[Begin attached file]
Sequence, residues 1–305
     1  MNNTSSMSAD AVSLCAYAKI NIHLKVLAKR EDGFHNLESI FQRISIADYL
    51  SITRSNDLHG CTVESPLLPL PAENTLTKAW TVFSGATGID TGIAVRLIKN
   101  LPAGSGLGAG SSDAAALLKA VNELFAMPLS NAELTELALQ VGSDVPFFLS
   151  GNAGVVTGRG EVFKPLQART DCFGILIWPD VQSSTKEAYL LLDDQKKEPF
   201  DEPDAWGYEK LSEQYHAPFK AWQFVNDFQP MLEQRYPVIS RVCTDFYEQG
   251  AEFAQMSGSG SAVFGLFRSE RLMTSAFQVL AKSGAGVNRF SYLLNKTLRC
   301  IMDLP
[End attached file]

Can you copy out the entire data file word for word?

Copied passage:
Sequence, residues 1–305
     1  MNNTSSMSAD AVSLCAYAKI NIHLKVLAKR EDGFHNLESI FQRISIADYL
    51  SITRSNDLHG CTVESPLLPL PAENTLTKAW TVFSGATGID TGIAVRLIKN
   101  LPAGSGLGAG SSDAAALLKA VNELFAMPLS NAELTELALQ VGSDVPFFLS
   151  GNAGVVTGRG EVFKPLQART DCFGILIWPD VQSSTKEAYL LLDDQKKEPF
   201  DEPDAWGYEK LSEQYHAPFK AWQFVNDFQP MLEQRYPVIS RVCTDFYEQG
   251  AEFAQMSGSG SAVFGLFRSE RLMTSAFQVL AKSGAGVNRF SYLLNKTLRC
   301  IMDLP